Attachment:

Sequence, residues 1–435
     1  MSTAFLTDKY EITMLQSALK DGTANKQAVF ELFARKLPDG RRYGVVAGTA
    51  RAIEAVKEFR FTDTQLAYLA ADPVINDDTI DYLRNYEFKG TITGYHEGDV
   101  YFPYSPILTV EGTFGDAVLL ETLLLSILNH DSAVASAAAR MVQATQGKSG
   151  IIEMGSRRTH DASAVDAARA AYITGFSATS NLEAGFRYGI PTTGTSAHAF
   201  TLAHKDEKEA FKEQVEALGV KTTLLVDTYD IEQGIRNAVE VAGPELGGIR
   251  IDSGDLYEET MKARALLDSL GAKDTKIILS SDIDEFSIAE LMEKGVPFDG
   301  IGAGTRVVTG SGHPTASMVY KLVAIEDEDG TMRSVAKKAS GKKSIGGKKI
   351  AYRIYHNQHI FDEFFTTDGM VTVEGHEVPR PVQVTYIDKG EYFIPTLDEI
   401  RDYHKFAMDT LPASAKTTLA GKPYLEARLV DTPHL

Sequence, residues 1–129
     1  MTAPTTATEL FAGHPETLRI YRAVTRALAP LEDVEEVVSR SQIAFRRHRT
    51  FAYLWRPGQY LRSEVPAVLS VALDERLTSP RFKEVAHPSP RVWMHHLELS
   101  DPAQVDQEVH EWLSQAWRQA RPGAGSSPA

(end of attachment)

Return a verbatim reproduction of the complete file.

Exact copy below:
Sequence, residues 1–435
     1  MSTAFLTDKY EITMLQSALK DGTANKQAVF ELFARKLPDG RRYGVVAGTA
    51  RAIEAVKEFR FTDTQLAYLA ADPVINDDTI DYLRNYEFKG TITGYHEGDV
   101  YFPYSPILTV EGTFGDAVLL ETLLLSILNH DSAVASAAAR MVQATQGKSG
   151  IIEMGSRRTH DASAVDAARA AYITGFSATS NLEAGFRYGI PTTGTSAHAF
   201  TLAHKDEKEA FKEQVEALGV KTTLLVDTYD IEQGIRNAVE VAGPELGGIR
   251  IDSGDLYEET MKARALLDSL GAKDTKIILS SDIDEFSIAE LMEKGVPFDG
   301  IGAGTRVVTG SGHPTASMVY KLVAIEDEDG TMRSVAKKAS GKKSIGGKKI
   351  AYRIYHNQHI FDEFFTTDGM VTVEGHEVPR PVQVTYIDKG EYFIPTLDEI
   401  RDYHKFAMDT LPASAKTTLA GKPYLEARLV DTPHL

Sequence, residues 1–129
     1  MTAPTTATEL FAGHPETLRI YRAVTRALAP LEDVEEVVSR SQIAFRRHRT
    51  FAYLWRPGQY LRSEVPAVLS VALDERLTSP RFKEVAHPSP RVWMHHLELS
   101  DPAQVDQEVH EWLSQAWRQA RPGAGSSPA